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/diy/ - Do-It-Yourself

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File: 36 KB, 637x363, fenceposts.jpg [View same] [iqdb] [saucenao] [google] [report]
1534565 No.1534565 [Reply] [Original] [archived.moe]

So I have this old rotted fence on a concrete deck I'm trying to rebuild. Some of the posts are anchor bolted into the foundation using a post bracket (far right post). However most ( 90%) of these posts are fit into these notches in the concrete slab like the post on the left. They have no hardware and fit snug into the notches. They also run into the dirt about 2 feet and are generally rotted out. My solution is to just raise them a few inches from the dirt and drill into the concrete and posts then attach with a T-bracket like the middle picture.

Will this work? I was going to fill the void underneath with a bunch of pea gravel so any water will drain down.

>> No.1534569

That t bracket looks like a cunt to drill. I would just
>jack the deck up at post
>cut it off at concrete height
>put 4x4 or greater lumber around post to make a foot
>lag bolt 4x4s together
>wood augur one shot through post and foot and screw some threaded rod (1/16 greater than augur bit) into the hole
Then throw your pea stone into th a larger void so you actually get drainage. When I did this to my dads deck we got a lot of second hand lumber and put in some extra posts all for around 200 bucks for the wood and threaded rod and augur bit. The post will want to split on the rod but the foot will keep it together. If you don’t want the rod you can probably find 8”x8”x1/8” 1084 plates and just paint them with some marine enamel and they’ll last forever but still do a foot for stability. Or fuck all that and just buy paving stones casted to hold a post

>> No.1534663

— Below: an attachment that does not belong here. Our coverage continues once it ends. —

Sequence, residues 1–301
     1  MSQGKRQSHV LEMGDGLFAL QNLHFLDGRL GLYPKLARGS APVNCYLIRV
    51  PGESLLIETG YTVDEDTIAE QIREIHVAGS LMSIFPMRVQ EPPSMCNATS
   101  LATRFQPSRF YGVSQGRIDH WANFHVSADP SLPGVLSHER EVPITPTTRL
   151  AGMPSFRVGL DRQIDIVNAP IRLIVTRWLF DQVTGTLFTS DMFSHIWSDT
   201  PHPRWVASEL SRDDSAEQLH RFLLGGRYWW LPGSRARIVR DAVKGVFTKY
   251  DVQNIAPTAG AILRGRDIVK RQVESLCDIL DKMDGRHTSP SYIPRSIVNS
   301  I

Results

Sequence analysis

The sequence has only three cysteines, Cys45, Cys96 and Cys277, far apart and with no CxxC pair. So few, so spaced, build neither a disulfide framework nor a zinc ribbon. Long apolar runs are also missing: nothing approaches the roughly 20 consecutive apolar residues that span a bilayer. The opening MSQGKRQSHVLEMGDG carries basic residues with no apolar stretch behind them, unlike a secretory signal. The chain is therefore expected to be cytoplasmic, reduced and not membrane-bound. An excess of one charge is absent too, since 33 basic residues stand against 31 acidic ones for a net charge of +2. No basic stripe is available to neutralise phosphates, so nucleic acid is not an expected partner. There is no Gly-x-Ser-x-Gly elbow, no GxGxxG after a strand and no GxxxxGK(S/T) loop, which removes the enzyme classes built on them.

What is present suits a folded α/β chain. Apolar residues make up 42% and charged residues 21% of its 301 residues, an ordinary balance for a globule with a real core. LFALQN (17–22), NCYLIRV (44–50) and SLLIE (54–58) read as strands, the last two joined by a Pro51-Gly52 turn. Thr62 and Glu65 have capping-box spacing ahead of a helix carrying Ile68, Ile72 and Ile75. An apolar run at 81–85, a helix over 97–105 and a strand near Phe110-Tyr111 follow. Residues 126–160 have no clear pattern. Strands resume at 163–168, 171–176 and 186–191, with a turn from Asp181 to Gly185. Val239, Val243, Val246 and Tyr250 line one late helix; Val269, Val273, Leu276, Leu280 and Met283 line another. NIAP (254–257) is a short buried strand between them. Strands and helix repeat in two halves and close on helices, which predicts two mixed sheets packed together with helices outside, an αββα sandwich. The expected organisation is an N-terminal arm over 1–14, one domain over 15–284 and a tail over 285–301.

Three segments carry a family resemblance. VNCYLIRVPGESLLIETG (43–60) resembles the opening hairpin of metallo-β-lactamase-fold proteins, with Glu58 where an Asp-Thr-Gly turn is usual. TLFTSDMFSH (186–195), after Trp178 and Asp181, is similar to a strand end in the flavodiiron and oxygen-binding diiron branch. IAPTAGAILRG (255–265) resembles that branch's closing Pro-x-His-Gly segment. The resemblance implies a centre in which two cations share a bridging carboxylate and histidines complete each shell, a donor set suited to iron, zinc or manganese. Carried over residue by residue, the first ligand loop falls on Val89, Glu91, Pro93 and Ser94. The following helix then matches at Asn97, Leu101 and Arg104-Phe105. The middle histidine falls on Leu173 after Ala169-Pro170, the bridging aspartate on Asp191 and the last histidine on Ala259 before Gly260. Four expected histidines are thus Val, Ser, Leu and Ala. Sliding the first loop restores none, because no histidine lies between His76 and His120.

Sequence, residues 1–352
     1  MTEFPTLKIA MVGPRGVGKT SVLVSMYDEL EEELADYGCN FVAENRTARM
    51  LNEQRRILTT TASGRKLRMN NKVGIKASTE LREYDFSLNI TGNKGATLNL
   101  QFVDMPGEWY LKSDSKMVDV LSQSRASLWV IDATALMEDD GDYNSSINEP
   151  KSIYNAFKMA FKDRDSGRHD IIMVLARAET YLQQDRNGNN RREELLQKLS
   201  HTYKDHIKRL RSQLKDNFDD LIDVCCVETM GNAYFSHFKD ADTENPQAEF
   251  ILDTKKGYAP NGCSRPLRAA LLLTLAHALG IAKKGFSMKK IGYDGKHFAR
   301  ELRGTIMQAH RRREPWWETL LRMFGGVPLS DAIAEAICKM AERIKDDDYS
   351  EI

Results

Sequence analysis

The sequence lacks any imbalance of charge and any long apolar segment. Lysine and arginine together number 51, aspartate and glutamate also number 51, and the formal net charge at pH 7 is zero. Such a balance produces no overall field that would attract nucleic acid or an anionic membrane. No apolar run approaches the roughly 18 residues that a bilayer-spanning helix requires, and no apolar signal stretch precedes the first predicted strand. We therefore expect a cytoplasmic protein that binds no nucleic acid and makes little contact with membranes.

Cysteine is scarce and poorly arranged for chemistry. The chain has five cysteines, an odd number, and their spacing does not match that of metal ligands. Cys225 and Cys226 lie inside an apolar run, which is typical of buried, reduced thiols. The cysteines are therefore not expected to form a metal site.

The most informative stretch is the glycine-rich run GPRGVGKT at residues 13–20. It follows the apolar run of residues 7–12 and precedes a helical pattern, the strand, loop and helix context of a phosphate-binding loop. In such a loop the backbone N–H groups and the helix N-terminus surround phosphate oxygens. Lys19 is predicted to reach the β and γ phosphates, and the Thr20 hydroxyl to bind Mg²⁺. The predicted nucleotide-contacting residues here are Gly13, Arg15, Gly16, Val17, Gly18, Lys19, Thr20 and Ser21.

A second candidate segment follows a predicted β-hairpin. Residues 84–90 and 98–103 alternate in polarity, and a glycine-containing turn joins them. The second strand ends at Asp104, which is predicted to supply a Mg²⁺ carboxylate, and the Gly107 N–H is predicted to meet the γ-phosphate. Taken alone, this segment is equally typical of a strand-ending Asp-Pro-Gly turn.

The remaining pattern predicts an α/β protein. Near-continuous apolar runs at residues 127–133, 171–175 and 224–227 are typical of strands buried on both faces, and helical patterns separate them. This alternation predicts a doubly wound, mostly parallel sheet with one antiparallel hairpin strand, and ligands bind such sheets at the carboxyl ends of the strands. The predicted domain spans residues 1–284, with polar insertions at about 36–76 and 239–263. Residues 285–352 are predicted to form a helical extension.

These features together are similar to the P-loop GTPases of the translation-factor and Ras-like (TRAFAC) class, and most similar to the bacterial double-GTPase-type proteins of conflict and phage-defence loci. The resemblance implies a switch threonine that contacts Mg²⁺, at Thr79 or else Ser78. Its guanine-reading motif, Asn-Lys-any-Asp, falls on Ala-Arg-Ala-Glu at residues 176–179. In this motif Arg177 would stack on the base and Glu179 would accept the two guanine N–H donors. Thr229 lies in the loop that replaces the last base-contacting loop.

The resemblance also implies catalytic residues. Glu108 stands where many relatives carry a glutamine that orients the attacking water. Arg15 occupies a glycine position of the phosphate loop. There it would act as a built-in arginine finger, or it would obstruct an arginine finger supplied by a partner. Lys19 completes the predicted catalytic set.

I’d suggest you fill the notches with concrete ( small quantities are available in the stores ) insert hardware like the right. All the same, and most durable.

>> No.1534668

If the fence is a straight run with no corners, the post style on the right won't keep the fence upright against wind loads.
That may be the reason the original was embedded into the ground beneath the deck.
I point this out as something to consider before deciding on a coarse of action.

>> No.1534781

What's there to give the posts lateral stability? There's a reason the posts go 2 feet into the ground. If it's got no support at the top of the post and the post doesn't go into the ground a bit, the whole fence is just going to fall over the first time a gust of wind comes through.

>> No.1534995
File: 14 KB, 300x300, cpt-install-5-2-jpg.jpg [View same] [iqdb] [saucenao] [google] [report]

Assuming you're able to take the posts out to do the work:

- Depending on the thickness of the existing slab, add a 5cm layer of hardcore if the slab is deep enough
- Fill with concrete
- Once cured, drill holes for a flitch plate post base (pic related). These will provide better lateral stability than other pin jointed style ones
- Attach posts

Your existing posts in the ground are rotten because they're in constant contact with moisture. Your middle pic would reduce this but would be a pain in the arse to do.

>> No.1535000


Forgot to add, it may be worth bracing a few of the bays just to add some redundancy to the lateral system.

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